I like that thought: times when ‘the absence of noise is not a good thing.’ That is a little askew from where my brain had been — but noise is such a ubiquitous thing and getting away from it is — for me — a great joy. In Milwaukee we could never escape the sirens, airport runway and truck noises (this from a guy who spend close to a decade driving semis). When we first went mobile one of the greatest joys was the ability to find a campsite where we did not have to listen to any of that. And we did. We were, and are, fatigued by city life. That said, one does become accustomed to certain things. The sounds of children playing — has to be the cliche of all cliches, for when the kids are making NO noise there is bound to be mischief, danger, or mayhem. For decades — after I had started traveling a lot — I would enter a room (at home or hotel) and turn on the TV. I wanted the sounds of human interaction. I rarely actually WATCHED it — but I wanted the NOISE. I’m still that way to a degree. I tend to turn on the TV in the RV as well. I’m seldom watching but I want the sound of voices. In the 80’s during a period of intense difficulty at work we took a family vacation to Guadeloupe. During our time there, in the middle of the Caribbean, the bird sounds were cacophonous. Day and night. In the rain and in the sun. It seemed there were millions of them and they made a racket. One day during our stay we took a hike to the top of the soufriere (volcano). As we approached the summit we were met by an acrid stench of sulphur and an absolute silence. Not a single bird call could be heard – and we stopped and listened intently – so indefatigable had been the current of bird noises that when they stopped the silence was deafening. I will never forget that moment. Nor the smell of sulphur. Even today – 30 years later – the smell of sulphur makes me think of birds, because of their absence. Noise is good. It’s the sound of life, and nature, and activity. I have known a few men and women who spend a portion of their declining years incapacitated: paralyzing strokes, muscle atrophy, etc.. I have long pondered what that must be like to be unable to move, unable to make sound, unable to communicate: locked in a body that will not respond no matter what the brain might be doing. It is incomprehensible to me. Indeed, the absence of noise can be a very terrible thing.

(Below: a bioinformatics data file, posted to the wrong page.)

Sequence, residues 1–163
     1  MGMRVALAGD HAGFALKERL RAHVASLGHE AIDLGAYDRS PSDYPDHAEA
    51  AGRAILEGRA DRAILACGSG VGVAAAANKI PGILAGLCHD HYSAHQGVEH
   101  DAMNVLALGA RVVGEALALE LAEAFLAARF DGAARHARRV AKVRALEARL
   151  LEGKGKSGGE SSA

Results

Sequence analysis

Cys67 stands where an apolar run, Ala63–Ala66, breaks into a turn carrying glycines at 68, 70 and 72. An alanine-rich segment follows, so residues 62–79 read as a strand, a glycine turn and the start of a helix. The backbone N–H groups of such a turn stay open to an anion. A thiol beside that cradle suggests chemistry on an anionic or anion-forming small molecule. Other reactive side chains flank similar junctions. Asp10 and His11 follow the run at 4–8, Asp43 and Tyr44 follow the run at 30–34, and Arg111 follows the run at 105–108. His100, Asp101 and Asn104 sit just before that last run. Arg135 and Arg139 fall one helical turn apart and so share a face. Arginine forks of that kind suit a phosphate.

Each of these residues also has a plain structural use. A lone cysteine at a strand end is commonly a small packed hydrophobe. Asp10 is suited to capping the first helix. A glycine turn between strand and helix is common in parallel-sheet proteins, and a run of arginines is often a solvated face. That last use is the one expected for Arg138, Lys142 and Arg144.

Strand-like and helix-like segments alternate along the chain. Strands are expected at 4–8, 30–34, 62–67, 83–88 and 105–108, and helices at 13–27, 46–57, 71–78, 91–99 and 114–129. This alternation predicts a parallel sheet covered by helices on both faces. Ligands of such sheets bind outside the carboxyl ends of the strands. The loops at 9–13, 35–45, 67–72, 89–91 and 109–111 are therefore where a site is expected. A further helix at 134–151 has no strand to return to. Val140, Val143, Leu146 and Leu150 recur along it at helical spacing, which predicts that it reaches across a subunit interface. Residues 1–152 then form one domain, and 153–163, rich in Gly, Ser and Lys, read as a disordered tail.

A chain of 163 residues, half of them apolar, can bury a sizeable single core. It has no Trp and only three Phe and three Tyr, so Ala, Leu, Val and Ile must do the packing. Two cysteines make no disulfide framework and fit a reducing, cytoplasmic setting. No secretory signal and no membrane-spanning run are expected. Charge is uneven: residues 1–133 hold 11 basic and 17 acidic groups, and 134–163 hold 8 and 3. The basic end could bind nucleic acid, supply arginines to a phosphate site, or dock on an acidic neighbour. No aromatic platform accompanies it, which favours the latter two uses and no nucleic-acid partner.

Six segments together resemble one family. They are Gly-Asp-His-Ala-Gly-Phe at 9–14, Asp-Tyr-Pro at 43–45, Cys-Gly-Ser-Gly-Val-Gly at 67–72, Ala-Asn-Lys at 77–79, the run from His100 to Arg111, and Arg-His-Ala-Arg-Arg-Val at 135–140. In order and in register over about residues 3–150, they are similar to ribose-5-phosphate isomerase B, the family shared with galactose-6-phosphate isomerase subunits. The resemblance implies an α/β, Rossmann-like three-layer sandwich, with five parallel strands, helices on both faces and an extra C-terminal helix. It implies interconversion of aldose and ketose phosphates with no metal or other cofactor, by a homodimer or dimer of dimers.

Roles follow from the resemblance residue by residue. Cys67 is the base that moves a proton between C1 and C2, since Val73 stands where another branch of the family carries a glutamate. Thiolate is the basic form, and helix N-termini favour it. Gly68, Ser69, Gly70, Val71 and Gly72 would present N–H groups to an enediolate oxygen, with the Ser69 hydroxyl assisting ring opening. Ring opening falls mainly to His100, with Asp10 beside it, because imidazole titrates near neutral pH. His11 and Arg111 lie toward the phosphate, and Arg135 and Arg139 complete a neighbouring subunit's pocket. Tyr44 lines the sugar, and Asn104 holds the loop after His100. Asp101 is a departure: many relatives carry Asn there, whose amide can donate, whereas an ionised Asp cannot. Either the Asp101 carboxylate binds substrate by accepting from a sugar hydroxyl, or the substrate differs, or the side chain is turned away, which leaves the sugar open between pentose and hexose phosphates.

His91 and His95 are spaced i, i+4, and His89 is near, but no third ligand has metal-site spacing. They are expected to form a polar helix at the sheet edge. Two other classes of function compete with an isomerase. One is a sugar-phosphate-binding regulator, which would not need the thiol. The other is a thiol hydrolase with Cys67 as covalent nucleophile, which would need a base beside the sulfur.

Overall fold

> >


  3. I can relate to your RV issues. The silence while trying to sleep in the winter months with no air conditioner noise at night got so bad for us that we had to improvise a solution. We now plug in a white noise app to our RV sound system so that it sounds like a gentle rain outside. It keeps us from hearing every little noise outside and helps both of us sleep better. We usually run our ceiling fan at night at home and found that we were both struggling to sleep well in the winter months when out in the RV. It is a great solution, too. We are also living my fathers dream, as Daddy wanted an airstream trailer, and my mother would not go for it. I wish he could have lived that dream for awhile before he passed away, too.


    • Oh Dear!

      Ya know, I never associate anything with not being able to SLEEP because I FALL ASLEEP very quickly. My SIL even says I can sleep anywhere. What is not so easy for either of us is STAYING asleep. We had a 12 family apartment for 35 years and as a manager and maintenance guy sounds were not my friends. Running water usually meant a repair. Sounds in the hallway usually meant a drunken tenant. Smells had their own vocabulary too. When we sold the apartments in 2000 it took a long time to realize that we didn’t need to listen to every sound; then we bought the school in 2006 and we didn’t hear much of anything because we were living behind multiple 12” thick masonry walls. Segue to an RV, a Winnebago RV to boot, without a lot of insulation and the world became very different. We have, for a long time, used the TV as a nightcap. Set the sleep timer and I’m off to La La Land. Peg has a harder time falling asleep and she tends to awaken in the middle of the night for hours on end — whereas I get up, crank up my ‘puter, putter around for an hour or so and then come back to bed and fall asleep like a baby. We also use our iPod to induce sleep — a little something baroque and we’re off to the slumber races. Our Winnebago had a ceiling fan and we loved it. The Ambassador doesn’t – we are still learning how to moderate the temperature in our bedroom. We now have two heating/cooling/fan units on the roof and they cool much better than the Winnebago did — but they are also drafty (even more drafty than noisy). The temperature sensors for both units are at the extreme ends of the coach — the one near the windshield reads hotter, the one in the bedroom reads colder — finding a degree setting that makes sense is a game we play. A game that affects sleep. Funny the way our parents dreams sometimes become our own. Not universal but frequent enough. Cheers, P >